Thursday, June 11, 2009

What Does LeBron James' Behavior Say About the Workplace?




LeBron James didn't shake hands.

For those of you who don't follow professional basketball, James is a forward for the Cleveland Cavaliers. He left the court without shaking hands with the Orlando Magic players when they beat his team in the NBA playoffs.

This all happened two weeks ago and you might think the issue should have died down by now, especially after James said that he had sent a congratulatory e-mail to a Magic player after the game.

James explained that he didn't want to shake hands after getting beat up so bad. Bill Walton, a Hall of Fame center and NBA broadcaster, told the Wall Street Journal that he understood the sentiment. He said that it takes a lot of hard work to get the playoffs and, "When it doesn't work out, it's very difficult to put on a smiley face and say everything is great."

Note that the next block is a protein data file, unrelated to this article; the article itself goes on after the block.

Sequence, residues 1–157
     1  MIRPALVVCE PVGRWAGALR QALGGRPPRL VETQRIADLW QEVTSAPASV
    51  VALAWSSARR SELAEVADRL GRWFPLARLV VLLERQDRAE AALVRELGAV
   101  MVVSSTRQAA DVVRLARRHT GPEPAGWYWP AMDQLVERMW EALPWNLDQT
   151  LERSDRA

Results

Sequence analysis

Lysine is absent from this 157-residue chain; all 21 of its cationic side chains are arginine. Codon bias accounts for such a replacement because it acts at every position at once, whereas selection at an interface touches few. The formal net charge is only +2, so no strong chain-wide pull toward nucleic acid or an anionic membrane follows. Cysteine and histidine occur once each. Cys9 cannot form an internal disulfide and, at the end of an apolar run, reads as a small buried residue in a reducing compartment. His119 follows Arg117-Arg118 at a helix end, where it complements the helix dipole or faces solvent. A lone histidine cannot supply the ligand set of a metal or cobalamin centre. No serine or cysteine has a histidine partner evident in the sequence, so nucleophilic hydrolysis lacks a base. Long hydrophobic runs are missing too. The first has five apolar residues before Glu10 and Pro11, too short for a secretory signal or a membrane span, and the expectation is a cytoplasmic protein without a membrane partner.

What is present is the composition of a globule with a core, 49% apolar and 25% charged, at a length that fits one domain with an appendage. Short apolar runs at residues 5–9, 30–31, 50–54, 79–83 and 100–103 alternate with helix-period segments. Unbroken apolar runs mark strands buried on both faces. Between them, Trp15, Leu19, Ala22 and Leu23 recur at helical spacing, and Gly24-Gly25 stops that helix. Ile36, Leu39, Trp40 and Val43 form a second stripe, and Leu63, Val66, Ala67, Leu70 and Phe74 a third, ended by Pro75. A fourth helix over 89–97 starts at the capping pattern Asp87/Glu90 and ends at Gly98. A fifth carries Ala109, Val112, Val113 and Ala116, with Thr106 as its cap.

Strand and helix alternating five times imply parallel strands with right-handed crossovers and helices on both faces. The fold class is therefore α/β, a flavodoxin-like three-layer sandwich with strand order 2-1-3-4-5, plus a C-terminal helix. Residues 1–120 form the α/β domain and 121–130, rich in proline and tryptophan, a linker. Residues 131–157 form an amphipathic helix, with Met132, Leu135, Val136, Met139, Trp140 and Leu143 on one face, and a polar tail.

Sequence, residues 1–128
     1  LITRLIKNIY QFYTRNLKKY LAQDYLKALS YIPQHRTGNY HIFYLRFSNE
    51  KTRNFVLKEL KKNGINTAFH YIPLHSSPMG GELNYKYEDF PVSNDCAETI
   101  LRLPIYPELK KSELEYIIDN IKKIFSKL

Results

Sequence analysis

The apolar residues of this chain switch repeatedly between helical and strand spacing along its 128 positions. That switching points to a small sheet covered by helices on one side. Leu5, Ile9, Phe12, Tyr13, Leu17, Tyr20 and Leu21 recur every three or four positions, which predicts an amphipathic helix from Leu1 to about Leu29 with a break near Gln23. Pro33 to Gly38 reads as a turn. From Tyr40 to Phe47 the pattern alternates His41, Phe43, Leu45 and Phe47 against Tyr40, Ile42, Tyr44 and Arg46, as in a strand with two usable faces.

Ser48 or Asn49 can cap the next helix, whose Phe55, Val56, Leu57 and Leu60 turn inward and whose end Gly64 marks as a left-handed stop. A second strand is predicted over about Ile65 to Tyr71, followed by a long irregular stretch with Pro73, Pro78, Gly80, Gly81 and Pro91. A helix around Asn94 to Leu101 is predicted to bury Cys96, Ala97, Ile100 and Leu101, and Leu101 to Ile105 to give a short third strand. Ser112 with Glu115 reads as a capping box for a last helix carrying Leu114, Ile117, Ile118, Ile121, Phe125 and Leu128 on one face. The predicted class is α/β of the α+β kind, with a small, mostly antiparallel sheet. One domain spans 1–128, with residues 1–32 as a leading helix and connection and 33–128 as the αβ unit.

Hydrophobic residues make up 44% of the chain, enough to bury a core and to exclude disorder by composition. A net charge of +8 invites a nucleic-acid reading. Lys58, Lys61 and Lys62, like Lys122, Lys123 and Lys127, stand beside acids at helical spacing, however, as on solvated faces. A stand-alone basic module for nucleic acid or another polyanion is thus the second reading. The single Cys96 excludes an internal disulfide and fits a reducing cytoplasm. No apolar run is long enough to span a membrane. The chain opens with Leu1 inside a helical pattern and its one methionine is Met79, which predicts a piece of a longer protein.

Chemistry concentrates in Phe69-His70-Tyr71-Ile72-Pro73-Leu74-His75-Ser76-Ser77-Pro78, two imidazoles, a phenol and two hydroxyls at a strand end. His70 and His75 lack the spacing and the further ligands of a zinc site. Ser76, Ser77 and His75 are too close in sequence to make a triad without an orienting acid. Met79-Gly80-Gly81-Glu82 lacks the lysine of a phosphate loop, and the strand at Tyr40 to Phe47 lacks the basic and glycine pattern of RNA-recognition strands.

Welcome, Mr. Walton and Mr. James, to what other people experience at work every day.

While James makes millions of dollars playing basketball, there are plenty of other people who work just as hard in their jobs and don't make one-tenth of what he makes every year. Right now, employees are putting up with an awful lot in their jobs -- doing the work of three people, being forced to take unpaid furloughs and seeing their 401(k)s dwindle -- and they still put a smile on their face and go to work every day. Maybe they don't get the raise or promotion they wanted, but they have enough grace and smarts to respectfully acknowledge someone who does.

That's one of the reasons I think James' behavior has generated so much controversy. It's not just that he did something we're taught is wrong from the first moment we kick a ball or swing a bat, it's that he disrespected the hard work of someone else. And right now -- well, right now, we all are being subject to more of that than we should.



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